Ethiopian Prime Minister Abiy Ahmed called for the launch of military operations in the northern Tigray region this week as he dismissed further calls for dialogue.
The “large-scale law enforcement operation” has "clear, limited and achievable objectives: to restore the rule of law and the constitutional order,” he said on Friday, calling out the Tigray region’s Tigray People’s Liberation Front (TPLF) leadership as “fugitives from justice ... using the civilian population as human shields."
Telecommunications are still cut off in the Tigray region.
While some commentators characterized his statements as a call to ‘war’, others shied away from the word, saying that lack of information on the ground made them cautious about making a statement.
“Clearly, it’s a declaration of war by a prime minister who just won the Nobel peace prize last year,” says Awol Allo, Senior Lecturer in Law at Keele University in the UK.
Abiy made a statement on state television on Wednesday announcing the military responded to an attack by TPLF forces on a military base in the regional capital.
A six-month State of Emergency was imposed on the Tigray region as well.
Political and ideological battle
This conflict has been building for the last two years, according to political analyst Endalkachew Chala, assistant professor at Hamline University in Minnesota.
“There was an intense power struggle within the EPRDF ruling coalition, as it tried to bring all political parties into one, the Prosperity Party, but TPLF refused. It tried to build its own Federalist Forces coalition,” Endalkachew tells RFI’s Africa Calling podcast. “That was the start of the crisis.”
TPLF, the former ruling party, had the opportunity to make a Federalist structure work, Awol tells RFI.
“Instead of allowing the autonomy it promised, it ruled for 27 years with an iron fist in a very authoritarian way. Now it’s dislodged from power, its painting itself as a defender of national federalism,” he says.
TPLF’s years at the helm of the country could serve it well in this battle with the Federal government, according to Endalkachew.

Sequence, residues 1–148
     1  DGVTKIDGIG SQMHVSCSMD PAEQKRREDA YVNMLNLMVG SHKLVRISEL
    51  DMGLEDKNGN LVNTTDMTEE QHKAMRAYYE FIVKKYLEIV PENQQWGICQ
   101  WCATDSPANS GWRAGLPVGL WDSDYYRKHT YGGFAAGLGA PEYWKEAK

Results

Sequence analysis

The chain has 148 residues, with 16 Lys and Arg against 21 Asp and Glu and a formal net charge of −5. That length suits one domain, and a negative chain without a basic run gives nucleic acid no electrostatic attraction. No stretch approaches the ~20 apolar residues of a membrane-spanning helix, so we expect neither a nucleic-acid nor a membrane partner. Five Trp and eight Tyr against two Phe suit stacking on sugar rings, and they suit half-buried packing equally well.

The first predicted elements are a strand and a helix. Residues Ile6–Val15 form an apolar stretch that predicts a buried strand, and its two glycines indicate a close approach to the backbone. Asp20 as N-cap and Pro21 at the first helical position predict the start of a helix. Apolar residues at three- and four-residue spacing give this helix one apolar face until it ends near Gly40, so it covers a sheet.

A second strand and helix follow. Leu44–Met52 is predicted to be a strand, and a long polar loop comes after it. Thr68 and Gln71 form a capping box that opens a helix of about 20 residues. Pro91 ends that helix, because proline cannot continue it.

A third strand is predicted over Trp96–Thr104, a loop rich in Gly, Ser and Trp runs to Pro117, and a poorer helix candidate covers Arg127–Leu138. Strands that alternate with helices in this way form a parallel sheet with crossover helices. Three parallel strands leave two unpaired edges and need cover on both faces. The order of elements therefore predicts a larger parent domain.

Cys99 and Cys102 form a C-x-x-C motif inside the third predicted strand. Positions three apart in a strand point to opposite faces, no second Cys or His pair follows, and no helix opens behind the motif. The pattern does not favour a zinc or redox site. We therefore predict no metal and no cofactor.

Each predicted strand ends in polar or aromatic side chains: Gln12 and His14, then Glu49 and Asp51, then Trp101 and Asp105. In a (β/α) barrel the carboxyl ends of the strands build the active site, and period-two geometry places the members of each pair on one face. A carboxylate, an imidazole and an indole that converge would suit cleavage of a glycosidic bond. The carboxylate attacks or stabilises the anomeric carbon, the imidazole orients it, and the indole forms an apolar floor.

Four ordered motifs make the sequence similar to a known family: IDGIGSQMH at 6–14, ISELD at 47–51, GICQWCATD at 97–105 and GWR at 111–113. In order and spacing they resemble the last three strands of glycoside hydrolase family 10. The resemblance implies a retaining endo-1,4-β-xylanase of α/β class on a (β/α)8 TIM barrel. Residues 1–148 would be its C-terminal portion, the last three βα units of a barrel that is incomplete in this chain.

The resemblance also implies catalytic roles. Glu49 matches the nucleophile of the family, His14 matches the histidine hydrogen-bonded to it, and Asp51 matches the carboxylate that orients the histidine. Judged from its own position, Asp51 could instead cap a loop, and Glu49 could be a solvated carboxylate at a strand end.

“TPLF had been in control of the security and intelligence apparatus, and people who are running the Tigray government right now were running the Federal government for 27 years—they know the security structure, they know how the intelligence works,” says Endalkchew.
“That’s why we saw a lot of disturbances and instability across the country; but now, TPLF is limited in their mobility. Most of those figures who were senior figures of the TPLF is only limited to Mekele, the capital,” he adds.
The government has tried to cut off the region completely, including all flights. Airports in Mekele, Shire, Axum and Humera are all closed for services, according to the Ethiopian civil aviation administration.
As the continent’s second most populous country, and a major player in the Horn of Africa region, some fear that extended fighting could destabilize the region.
“This could be an issue in Somalia because Ethiopia plays an important role in controlling al-Shabaab in Somalia,” says Awol.
“If Ethiopia is facing an armed confrontation with a powerful aggressor within the Ethiopian state, it would not have the resources it was doing to do the work in Somalia,” he says.
Endalkchew says that there is a general mutual understanding within the region.
“Ethiopia and Sudan have agreed to close the borders,” he says, as Sudan News Agency reports that the acting governor of Kassla province closed its border with northern Ethiopia “until further notice.”
Ethiopia has also come to an agreement with Djibouti, as well. “If there is agreement within the Horn of Africa, I don’t see this escalating tensions,” he adds.
UN High Commissioner for Human Rights Michelle Bachelet on Friday called for a de-escalation of violence in Tigray and to come to the table for talks.
“I call on all actors to engage in a genuine, inclusive and credible dialogue to solve any differences through peaceful means,” she said.